Space launch company Stratolaunch has parted ways with manufacturer SpaceX, dissolving a partnership dating from the project's inception.
"Stratolaunch and SpaceX have amicably agreed to end our contractual relationship because the current launch vehicle design has departed significantly from the Falcon derivative vehicle envisioned by SpaceX and does not fit well with their long-term strategic business model," says Gary Wentz, Stratolaunch CEO, in a 27 November email.
"Moving forward, Stratolaunch has engaged Orbital Sciences Corporation to evaluate and develop alternative solutions with the objective of arriving at a design decision in the early spring timeframe. The other segment contractors will continue to proceed forward in accordance with existing plans since their interfaces have been defined," he adds.
Despite the close relations, Stratolaunch's updated designs required "significant structural mods to incorporate a fin/chine configuration," according to Wentz. Initial concepts did not include a chine, which is a structural extension of the wing root along the sides of the vehicle, useful for providing lift at high speeds.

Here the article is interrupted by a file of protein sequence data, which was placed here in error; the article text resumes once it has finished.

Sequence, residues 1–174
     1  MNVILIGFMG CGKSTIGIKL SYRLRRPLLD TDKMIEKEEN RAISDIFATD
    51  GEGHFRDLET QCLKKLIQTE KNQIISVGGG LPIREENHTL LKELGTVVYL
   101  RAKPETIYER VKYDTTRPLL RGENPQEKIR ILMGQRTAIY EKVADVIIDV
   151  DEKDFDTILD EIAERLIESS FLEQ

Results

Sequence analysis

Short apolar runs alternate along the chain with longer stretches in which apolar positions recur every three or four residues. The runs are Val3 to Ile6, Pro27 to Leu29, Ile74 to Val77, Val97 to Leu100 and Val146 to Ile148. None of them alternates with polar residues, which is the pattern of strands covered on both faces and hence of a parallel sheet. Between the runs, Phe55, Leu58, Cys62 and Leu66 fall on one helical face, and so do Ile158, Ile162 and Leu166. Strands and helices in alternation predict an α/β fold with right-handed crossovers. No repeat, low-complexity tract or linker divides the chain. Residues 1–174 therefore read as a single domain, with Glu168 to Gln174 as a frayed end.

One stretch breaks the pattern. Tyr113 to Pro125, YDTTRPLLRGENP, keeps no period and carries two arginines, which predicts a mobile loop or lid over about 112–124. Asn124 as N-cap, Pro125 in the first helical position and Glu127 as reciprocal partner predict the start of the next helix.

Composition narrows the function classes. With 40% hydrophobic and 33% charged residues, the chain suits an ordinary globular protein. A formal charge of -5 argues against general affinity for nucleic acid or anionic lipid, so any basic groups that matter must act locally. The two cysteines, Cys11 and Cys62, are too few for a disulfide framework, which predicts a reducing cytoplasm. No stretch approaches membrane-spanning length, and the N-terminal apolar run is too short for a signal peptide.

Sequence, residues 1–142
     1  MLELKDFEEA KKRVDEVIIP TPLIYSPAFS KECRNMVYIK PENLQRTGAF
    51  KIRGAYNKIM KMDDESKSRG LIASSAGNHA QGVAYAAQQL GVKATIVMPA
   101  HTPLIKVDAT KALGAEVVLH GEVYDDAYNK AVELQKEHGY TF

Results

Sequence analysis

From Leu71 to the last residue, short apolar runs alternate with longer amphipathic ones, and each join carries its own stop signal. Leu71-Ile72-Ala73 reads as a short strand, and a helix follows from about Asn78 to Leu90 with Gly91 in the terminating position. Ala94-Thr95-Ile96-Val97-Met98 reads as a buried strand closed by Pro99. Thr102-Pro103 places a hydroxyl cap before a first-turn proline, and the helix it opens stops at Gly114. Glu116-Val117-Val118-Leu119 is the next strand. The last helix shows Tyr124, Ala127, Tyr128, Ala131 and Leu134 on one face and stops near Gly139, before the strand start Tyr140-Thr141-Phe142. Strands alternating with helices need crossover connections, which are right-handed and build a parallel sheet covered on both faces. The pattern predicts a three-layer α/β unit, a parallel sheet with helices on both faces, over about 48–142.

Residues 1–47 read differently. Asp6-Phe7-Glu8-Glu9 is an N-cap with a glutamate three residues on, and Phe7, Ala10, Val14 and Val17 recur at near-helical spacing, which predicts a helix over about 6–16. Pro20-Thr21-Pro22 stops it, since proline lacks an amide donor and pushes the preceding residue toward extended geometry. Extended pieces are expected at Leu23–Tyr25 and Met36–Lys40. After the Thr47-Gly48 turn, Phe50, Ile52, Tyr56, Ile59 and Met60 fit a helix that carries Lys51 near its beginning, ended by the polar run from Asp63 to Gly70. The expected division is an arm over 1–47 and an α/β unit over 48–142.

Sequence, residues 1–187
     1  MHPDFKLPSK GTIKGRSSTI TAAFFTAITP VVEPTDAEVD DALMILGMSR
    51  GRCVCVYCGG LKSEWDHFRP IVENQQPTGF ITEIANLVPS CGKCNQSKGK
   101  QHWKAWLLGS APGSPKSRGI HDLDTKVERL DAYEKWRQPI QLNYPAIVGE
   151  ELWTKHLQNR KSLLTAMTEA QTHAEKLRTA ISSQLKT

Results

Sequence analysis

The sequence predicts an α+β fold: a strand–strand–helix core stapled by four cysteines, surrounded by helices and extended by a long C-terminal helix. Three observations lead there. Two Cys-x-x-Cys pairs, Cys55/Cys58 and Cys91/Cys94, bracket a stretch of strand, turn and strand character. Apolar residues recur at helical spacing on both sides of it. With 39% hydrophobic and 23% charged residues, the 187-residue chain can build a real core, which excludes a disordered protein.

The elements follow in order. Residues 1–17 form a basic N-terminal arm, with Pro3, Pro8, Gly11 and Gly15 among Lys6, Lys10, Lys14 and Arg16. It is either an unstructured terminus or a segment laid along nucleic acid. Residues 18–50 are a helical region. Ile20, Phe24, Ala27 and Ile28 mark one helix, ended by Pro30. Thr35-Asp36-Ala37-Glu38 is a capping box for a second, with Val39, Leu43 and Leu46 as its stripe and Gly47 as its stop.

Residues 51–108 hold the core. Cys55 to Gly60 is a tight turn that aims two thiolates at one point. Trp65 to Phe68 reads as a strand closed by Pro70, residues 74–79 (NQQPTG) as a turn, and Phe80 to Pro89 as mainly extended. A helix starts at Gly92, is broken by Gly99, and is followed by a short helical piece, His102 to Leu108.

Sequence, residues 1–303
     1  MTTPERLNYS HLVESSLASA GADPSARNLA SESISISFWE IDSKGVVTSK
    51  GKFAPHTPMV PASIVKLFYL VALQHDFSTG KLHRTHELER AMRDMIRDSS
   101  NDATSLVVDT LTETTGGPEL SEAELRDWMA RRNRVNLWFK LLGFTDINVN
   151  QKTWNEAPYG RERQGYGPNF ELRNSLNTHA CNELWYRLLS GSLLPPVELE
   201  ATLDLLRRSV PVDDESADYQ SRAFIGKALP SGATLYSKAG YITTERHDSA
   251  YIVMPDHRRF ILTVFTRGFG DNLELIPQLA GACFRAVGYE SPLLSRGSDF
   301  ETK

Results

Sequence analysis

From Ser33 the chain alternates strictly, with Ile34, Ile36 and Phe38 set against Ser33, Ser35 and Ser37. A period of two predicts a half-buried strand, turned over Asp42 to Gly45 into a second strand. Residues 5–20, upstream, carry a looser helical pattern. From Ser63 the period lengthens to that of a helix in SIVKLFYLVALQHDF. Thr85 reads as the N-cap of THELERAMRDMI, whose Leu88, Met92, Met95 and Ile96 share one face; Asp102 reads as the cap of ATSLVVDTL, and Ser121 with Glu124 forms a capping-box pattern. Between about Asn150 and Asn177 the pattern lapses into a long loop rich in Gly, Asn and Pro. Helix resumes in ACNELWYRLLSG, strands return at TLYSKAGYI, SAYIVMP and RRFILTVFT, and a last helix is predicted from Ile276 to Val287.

According to a source familiar with the matter, the design changes necessary would have forced SpaceX to make substantial modifications of their manufacturing process, which would effectively negate crucial commonalities with the company's signature Falcon 9 launch vehicle.
Orbital Sciences is tasked with "evaluating multiple concepts that utilize both new and existing components," says Wentz. Orbital confirmed the study contract but deferred further questions to Stratolaunch. Orbital Sciences is among the most experienced air-launch companies in the world, having built and launched the much smaller Pegasus launch vehicle from a modified Lockheed L-1011.
Stratolaunch is planning to build the largest aircraft ever built, a twin-fuselage aircraft capable of launching a large rocket. The SpaceX-designed rocket, a winged, five-engine modification of the Falcon 9, was designed to lift 6,200kg (13,500) into low Earth orbit. Should the project reach fruition, it will be by far the largest air-launched spacecraft ever built.
SpaceX did not immediately respond to questions.